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Thungela flags sharply lower H1 earnings on cooling coal prices

Thungela flags sharply lower H1 earnings on cooling coal prices
Freight wagons transport coal from the Mafube open-cast coal mine, operated by Exxaro Resources and Thungela Resources, to Richards Bay coal terminal on 29 September 2022. (Photo: Waldo Swiegers / Bloomberg via Getty Images)

After soaring last year in the wake of Russia’s invasion of Ukraine, coal prices have come back to Earth, and producers are feeling the pinch. JSE-listed Thungela Resources reported on Monday that it expects its interim earnings per share to decline by as much as 75% as a result.

Thungela, which was spun out of Anglo American as part of its low-carbon strategy, said in a trading statement that the export prices it has received for its coal in 2022 to date have effectively halved since last year.

“The benchmark coal price has averaged $135.47 per tonne for the year to date, compared to $270.87 per tonne for FY 2022,” the company said.  

“Seaborne coal prices have receded from record highs in 2022 and have fallen sharply since the start of the year. Following a milder winter in Europe, coupled with softer gas prices, European coal and gas stocks continued to be elevated, resulting in the redirection of coal volumes to Asia.” 

The market has hardly been unaware of the sharp decline in coal prices. Thungela’s share price was little moved on Monday, but is down by about 45% in the year to date.

Coal was one of the big commodity stories of 2022 as its surging price defied the prophets of its doom in the face of the green energy transition. For the first time since 2013, the fossil fuel last year was the top revenue earner for the world’s top 40 mining companies, according to consultancy PwC’s annual survey of the industry.

Read more in Daily Maverick: King Coal still rules as a top revenue earner for global mining companies

For producers such as Thungela, this was pay dirt. The company in March reported a threefold surge in its full-year earnings for 2022, a performance that was directly related to prices.

It would have made more were it not for the woes of Transnet, which are estimated to have cost the wider industry R30-billion in lost coal exports last year. In its latest trading update, Thungela flagged once again the “rail underperformance by Transnet Freight Rail (TFR)”.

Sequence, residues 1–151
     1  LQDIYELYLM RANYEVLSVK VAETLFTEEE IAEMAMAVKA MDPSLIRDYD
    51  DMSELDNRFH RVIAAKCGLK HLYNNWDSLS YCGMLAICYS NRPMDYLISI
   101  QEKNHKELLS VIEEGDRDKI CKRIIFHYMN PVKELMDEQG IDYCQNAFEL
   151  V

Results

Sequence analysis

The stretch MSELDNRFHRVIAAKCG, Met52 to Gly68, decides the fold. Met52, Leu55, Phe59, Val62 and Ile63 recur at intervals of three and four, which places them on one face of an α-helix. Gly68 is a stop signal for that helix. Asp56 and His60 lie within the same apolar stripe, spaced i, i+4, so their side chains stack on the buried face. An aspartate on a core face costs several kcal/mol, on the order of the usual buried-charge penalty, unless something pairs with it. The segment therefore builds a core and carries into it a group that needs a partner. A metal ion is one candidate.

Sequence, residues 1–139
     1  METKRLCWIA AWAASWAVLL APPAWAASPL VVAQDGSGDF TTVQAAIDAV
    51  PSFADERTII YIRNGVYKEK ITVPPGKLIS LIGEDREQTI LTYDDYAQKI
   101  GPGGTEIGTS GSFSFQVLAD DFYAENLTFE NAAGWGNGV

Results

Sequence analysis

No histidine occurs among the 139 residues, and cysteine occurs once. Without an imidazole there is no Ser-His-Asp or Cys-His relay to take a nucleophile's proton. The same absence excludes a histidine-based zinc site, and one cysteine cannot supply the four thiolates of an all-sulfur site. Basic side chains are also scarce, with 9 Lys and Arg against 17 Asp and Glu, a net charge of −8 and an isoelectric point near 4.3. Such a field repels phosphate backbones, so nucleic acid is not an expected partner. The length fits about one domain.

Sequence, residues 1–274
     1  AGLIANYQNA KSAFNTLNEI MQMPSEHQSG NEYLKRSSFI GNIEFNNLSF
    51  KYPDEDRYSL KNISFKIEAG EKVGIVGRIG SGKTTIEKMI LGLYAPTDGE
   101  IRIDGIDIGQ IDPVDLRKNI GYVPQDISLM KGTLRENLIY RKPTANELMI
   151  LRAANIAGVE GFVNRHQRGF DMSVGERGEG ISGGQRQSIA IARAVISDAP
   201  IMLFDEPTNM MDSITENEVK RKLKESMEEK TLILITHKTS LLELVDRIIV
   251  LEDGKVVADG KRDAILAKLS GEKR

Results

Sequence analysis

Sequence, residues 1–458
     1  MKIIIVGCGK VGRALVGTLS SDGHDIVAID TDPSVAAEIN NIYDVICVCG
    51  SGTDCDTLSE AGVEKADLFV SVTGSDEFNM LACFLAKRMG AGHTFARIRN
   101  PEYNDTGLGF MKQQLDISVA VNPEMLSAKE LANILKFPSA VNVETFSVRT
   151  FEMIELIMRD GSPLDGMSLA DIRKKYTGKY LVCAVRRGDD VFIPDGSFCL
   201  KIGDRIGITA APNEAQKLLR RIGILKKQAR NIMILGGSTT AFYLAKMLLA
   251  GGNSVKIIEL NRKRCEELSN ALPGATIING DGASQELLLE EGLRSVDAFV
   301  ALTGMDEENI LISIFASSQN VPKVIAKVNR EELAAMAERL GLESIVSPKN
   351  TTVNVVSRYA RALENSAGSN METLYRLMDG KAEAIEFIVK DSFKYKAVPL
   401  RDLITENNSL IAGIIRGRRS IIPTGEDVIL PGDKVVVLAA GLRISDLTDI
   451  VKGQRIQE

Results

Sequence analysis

Read more in Daily Maverick: Coal producer Thungela reports threefold surge in annual profits despite Transnet woes

“By early May 2023, TFR performance had stabilised at approximately 48Mtpa (million tonnes per annum) for the industry following a very weak start to the year. This stability was interrupted by two derailments in May which resulted in the loss of approximately 300,000 tonnes in railed volumes for Thungela. For Thungela to achieve the upper end of our export saleable production guidance range (ie 12.5 million tonnes) we require an industry run rate of 53Mtpa in the second half of the year,” Thungela said.  

So for Thungela to meet its export target, TFR needs to improve its performance significantly. Transport is one of the key areas that business leaders have identified, along with energy, crime and corruption, as requiring urgent attention.

Read more in Daily Maverick: ‘Frustrated and anxious’ business leaders step up to help SA fix energy, transport and corruption crises

On another front of state failure, Thungela said Eskom was not a material threat to its business — for now. 

“Thungela is currently not materially affected by the challenges relating to Eskom’s inability to provide a consistent supply of electricity; however, this could become an area of concern in the event that we see further deterioration in the supply of electricity,” the company said.

The company is also investing in the future.

“The board has approved the Zibulo North Shaft life extension project at a capital cost of R2.4-billion,” the trading statement said.

Coal may hardly be a “sunrise” industry, but the sun is not quite setting on it either. DM

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